Hire family members to save taxes. Hiring a family member to work for your business can create tax savings for you. In effect, you shift business income to your relative. Your business can take a deduction for reasonable compensation paid to an employee, which in turn reduces the amount of taxable business income that flows through to you. Be aware, though, that the IRS can question compensation paid to a family member if the amount doesn’t seem reasonable, considering the services performed. Also, when hiring a family member who’s a minor, be sure that your business complies with child labor laws.
As is the case with wages paid to all employees, wages paid to family members are subject to withholding of federal income and employment taxes, as well as state taxes. But if your business is a sole proprietorship and you hire your child who is under age 18, the wages that you pay your child won’t be subject to FICA taxes.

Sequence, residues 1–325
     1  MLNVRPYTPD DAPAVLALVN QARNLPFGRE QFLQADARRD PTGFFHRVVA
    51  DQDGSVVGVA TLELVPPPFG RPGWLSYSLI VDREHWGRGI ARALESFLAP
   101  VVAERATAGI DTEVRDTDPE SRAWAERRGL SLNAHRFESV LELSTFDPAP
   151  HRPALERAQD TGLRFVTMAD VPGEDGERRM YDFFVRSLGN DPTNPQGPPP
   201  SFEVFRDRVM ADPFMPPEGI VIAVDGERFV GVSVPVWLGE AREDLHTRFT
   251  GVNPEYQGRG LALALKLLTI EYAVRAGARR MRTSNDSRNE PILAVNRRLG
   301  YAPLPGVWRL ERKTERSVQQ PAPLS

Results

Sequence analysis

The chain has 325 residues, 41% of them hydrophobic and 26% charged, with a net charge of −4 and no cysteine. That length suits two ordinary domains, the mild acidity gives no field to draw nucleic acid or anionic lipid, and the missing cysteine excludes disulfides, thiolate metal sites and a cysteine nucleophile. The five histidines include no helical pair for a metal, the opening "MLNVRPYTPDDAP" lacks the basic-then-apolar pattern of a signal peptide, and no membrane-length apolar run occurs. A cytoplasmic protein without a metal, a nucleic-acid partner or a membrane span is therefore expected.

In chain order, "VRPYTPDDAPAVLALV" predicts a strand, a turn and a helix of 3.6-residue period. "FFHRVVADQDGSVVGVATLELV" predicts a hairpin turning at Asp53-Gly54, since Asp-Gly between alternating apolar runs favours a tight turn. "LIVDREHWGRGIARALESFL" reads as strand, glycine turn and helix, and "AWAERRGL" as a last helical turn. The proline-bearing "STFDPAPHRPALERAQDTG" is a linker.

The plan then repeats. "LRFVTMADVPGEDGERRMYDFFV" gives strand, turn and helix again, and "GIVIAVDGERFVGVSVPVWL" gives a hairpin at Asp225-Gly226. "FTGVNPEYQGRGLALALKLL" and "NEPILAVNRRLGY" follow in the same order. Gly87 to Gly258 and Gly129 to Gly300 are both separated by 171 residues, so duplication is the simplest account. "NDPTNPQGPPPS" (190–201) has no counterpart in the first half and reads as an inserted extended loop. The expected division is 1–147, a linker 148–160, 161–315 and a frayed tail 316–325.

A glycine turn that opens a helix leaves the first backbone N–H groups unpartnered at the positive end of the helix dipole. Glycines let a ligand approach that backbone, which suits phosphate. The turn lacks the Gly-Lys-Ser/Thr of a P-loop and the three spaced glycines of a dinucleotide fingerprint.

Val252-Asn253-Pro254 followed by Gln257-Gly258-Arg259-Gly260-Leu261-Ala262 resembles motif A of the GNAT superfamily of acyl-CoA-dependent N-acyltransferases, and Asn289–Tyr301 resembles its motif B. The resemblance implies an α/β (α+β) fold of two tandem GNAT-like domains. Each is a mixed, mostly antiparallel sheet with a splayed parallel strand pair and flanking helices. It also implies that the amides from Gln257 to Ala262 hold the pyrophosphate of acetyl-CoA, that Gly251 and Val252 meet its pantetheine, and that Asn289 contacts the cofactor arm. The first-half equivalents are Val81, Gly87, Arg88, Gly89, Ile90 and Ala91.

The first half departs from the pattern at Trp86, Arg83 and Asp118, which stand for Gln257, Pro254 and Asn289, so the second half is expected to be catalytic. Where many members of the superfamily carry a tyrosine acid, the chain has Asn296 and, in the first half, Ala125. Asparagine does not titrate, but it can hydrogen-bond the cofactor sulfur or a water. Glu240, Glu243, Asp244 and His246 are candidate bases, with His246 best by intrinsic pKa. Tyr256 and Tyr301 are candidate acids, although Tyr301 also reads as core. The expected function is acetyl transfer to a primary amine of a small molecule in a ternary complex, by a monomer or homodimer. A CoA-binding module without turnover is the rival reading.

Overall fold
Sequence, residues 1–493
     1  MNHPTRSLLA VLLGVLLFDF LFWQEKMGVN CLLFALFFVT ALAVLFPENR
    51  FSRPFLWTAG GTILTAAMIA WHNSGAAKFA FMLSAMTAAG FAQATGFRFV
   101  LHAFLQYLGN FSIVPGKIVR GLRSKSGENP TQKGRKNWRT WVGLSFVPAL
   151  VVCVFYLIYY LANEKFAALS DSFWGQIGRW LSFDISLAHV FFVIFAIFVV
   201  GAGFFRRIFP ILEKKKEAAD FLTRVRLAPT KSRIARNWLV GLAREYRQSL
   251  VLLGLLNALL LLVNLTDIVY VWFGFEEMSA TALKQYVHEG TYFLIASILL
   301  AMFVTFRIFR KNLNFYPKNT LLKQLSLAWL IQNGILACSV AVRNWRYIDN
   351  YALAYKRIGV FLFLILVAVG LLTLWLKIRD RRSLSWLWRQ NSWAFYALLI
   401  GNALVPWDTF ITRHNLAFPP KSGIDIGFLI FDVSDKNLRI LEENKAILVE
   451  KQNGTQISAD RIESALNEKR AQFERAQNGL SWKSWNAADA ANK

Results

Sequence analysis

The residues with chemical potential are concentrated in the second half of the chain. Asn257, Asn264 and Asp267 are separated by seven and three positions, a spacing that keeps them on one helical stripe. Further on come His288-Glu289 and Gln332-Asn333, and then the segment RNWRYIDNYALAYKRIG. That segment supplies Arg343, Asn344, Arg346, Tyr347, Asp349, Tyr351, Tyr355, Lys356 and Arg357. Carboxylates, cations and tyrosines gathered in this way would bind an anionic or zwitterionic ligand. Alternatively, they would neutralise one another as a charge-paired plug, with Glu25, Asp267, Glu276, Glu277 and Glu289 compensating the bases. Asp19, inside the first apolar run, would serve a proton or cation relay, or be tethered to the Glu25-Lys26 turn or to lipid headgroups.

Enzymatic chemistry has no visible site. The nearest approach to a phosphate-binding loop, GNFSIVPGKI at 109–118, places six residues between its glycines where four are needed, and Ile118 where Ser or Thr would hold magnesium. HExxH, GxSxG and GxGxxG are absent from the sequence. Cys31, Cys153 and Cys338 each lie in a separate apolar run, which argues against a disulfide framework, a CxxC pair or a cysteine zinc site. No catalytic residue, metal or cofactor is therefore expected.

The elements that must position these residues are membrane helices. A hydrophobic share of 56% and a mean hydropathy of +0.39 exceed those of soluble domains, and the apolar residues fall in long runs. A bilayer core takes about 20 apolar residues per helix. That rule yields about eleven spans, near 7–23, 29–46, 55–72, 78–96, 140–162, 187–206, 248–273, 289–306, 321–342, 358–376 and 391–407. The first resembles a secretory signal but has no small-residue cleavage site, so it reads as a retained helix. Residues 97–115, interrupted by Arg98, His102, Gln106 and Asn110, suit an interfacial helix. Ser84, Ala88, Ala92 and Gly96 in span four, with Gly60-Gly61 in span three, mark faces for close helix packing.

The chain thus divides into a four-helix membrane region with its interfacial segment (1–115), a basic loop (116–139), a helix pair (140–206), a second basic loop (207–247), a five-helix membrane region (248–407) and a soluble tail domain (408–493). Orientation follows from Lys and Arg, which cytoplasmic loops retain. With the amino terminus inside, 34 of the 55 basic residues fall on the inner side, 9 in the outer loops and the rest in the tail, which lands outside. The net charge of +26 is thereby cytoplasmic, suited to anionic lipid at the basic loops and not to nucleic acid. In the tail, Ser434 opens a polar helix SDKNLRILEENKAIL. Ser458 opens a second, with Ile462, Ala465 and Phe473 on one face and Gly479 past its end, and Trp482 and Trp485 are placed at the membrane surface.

Set up a self-employed pension plan. The ability to set up a generous, tax-advantaged retirement plan is one major benefit of being self-employed. Possibilities include: Keogh plans; Simplified Employee Pension (SEP); SIMPLE IRA; SIMPLE 401k or an Individual (solo) 401k.
Enjoy all your business deductions. You can deduct a wide range of business expenses, including rent or home office expenses, and the cost of office equipment, computers, cell phones, furniture, supplies and utilities. To be deductible, business expenses must be both ordinary (common and accepted in your trade or business) and necessary (appropriate and helpful for your trade or business). If expenses are part-business and part-personal, you can still deduct the business portion. You can also deduct the business expenses associated with your vehicle, using either the standard mileage allowance or your actual business-related vehicle expenses to calculate your deduction.
Read the full story at 6 tax tips and traps for the self-employed